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EASYRECRUE presents its AI research at the ACII in Cambridge

Innovation at EASYRECRUE is a priority. Investing in Research and Development is therefore key to improving our products and having a real impact on the HR world.

This is why we have welcomed to the team PhD student Leo Hemamou and his engineer partner and co-author Ghazi Felhi to conduct research on how to make the best use of pre-recorded video interviews using artificial intelligence. The dynamic duo was selected to present their work at the 8th International Conference on Affective Computing & Intelligent Interaction (ACII) in Cambridge, UK, on September 3rd to 6th. This conference is the premier international forum for research on affective and multimodal human-machine interaction and systems.

Leo and Ghazi were invited to speak about their research focus: developing the workforce through affective computing. In other words, they are presenting a new AI methodology to automatically analyze candidates' reactions during pre-recorded video interviews.

Here is an overview of how they do this and how it will benefit recruiters in the near future.

1# Targeting important moments of the interview

attention_lices

Leo and Ghazi’s research focuses on video interviews and aims to prove that some specific moments in the interview are more relevant in understanding a candidate. These moments are called attention slices.

But how to define what moments are more important?

Here is where artificial intelligence comes in. The computer analyzes the candidate’s facial expressions and in particular the eyes – how closed or opened are they? –  the mouth, - is the interviewee pinching her lips (lip stretcher and lip tightener for the experts reading us), and the activation of the jaw drop.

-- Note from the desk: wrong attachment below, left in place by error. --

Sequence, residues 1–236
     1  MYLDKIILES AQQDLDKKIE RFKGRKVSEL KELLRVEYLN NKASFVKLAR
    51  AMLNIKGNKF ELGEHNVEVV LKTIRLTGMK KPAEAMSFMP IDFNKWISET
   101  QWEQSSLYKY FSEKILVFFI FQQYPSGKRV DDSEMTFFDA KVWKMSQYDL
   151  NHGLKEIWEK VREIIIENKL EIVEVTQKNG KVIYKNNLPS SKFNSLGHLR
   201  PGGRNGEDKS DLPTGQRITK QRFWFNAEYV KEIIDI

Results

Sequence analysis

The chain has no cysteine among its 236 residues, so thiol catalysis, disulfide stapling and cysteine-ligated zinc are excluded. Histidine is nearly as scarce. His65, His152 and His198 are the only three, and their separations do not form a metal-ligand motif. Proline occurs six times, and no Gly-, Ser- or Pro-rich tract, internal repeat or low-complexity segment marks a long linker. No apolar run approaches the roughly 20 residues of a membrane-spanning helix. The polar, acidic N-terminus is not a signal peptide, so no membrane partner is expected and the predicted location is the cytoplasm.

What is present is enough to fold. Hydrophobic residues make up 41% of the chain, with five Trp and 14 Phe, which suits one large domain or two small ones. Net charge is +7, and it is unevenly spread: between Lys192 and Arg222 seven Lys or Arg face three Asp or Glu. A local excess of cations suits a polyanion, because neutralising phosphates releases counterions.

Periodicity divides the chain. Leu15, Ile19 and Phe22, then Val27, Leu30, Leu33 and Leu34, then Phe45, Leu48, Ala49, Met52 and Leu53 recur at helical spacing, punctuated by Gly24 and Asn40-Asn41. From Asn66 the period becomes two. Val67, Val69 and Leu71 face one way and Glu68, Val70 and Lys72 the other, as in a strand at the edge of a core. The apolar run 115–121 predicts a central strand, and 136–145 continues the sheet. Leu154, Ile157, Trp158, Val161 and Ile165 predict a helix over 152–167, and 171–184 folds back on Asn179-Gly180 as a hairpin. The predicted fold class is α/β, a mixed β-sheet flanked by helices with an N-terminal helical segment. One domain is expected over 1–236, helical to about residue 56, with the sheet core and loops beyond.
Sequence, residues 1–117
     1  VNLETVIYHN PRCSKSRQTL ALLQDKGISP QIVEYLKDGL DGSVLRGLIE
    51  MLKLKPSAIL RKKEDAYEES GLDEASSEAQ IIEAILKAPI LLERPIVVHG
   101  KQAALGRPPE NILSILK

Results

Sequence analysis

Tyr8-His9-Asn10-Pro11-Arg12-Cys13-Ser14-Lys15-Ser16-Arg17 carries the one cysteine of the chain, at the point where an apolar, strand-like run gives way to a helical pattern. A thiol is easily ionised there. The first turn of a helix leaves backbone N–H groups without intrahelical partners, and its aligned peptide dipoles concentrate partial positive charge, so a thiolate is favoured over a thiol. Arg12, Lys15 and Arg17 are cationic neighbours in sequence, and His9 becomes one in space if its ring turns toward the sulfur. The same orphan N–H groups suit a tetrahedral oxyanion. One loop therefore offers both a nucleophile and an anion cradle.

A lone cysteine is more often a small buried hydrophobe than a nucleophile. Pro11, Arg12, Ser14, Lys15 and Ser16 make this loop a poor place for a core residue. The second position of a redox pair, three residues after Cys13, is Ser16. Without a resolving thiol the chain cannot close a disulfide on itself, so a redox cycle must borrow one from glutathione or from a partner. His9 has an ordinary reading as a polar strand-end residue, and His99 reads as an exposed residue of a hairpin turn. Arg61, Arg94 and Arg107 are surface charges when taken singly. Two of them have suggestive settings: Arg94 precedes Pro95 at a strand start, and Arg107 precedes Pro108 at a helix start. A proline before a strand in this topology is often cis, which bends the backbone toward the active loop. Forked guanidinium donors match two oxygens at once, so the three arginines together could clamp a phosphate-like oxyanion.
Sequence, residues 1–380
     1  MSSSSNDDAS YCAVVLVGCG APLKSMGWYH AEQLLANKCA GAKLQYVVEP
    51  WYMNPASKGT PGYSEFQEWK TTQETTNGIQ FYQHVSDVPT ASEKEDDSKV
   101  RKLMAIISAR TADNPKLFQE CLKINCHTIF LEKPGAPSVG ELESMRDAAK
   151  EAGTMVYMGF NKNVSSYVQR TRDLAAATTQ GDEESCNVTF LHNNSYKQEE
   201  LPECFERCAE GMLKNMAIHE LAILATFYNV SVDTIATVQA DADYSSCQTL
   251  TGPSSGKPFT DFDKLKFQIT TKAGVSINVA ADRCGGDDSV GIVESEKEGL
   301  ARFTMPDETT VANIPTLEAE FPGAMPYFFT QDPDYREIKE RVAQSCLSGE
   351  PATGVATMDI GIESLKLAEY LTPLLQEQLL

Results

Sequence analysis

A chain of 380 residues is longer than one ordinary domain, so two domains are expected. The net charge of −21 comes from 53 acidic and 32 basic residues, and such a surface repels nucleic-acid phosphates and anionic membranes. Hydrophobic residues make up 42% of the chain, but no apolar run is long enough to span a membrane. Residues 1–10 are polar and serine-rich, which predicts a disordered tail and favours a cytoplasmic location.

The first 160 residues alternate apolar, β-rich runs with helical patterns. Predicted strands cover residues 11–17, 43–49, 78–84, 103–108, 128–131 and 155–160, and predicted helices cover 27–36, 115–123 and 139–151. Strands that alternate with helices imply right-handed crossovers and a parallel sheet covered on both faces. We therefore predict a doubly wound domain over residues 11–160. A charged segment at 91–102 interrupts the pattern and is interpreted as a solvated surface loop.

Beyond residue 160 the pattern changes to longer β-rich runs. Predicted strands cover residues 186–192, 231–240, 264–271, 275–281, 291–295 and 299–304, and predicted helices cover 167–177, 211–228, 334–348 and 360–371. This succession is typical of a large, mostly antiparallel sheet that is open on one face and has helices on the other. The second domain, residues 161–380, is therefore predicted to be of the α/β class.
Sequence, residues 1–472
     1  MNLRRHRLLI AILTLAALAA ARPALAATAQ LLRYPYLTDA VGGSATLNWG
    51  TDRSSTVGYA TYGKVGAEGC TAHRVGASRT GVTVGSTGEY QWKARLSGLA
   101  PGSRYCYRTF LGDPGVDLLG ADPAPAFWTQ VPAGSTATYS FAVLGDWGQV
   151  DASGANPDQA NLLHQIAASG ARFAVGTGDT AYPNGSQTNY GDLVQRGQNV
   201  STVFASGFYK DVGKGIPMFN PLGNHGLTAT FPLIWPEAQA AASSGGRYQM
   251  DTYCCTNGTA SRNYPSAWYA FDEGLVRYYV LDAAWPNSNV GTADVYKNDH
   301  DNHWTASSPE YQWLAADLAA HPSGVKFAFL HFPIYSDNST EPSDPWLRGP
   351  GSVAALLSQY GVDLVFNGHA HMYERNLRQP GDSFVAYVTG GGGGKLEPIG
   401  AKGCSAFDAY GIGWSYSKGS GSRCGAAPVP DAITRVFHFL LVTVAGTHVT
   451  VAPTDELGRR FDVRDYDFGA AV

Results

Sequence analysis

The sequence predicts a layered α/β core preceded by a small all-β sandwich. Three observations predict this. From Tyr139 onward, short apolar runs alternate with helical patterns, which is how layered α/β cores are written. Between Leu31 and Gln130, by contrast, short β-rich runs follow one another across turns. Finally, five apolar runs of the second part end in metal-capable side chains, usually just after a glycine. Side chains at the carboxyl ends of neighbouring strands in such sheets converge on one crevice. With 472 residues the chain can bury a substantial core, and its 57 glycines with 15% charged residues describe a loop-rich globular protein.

These key moments mostly happen in situations where the candidate is stressed or anxious. Closing one’s eyes, pinching one’s lips or jaw movements are signs of concentration or stress. These indicators echo Deborah Powell's article "Behavioral Expression of Job Interview Anxiety".

Attention slices will happen predominantly at the beginning and at the end of a job interview, when the candidate is asked to speak the most, therefore being more expressive.

2# Drawing conclusions from the analysis of attention slices

Important moments give indicators on a candidate’s hirability. Leo Hemamou conducted a test using other random slices in video interviews to prove this. The results showed a clear difference between these two types of situations in a single video; 3 seconds of an attention slice always contains more valuable information on the candidate than any other random segment of the interview. The computer can collect a meaningful amount of data in a short timeframe (a few seconds) thanks to the number of visual cues given by anxious or nervous candidates.

The purpose of this analysis would be to highlight, through deep learning, these significant moments for recruiters, as a decision-support tool. Additionally, presenting such specific indicators helps develop trust between AI tools and users.

This methodology is also designed to highlight potentially influential social signals that have not been explored by researchers in organizational and industrial psychology.

Furthermore, the results of this research could enhance the candidate's experience by giving her feedback based on the analysis of the important moments of her video, thus helping her improve on her interview performance.

Interested in reading more?  Download the poster our researchers presented at the ACII conference!

 

Also check out our ebook to learn more about how AI can help HR professionals optimize their recruiting process.

Download your ebook

Published by Mathilde Brygier
on 27 September 2019

Tags
pre-recorded video , recruitment process , artificial intelligence , Article

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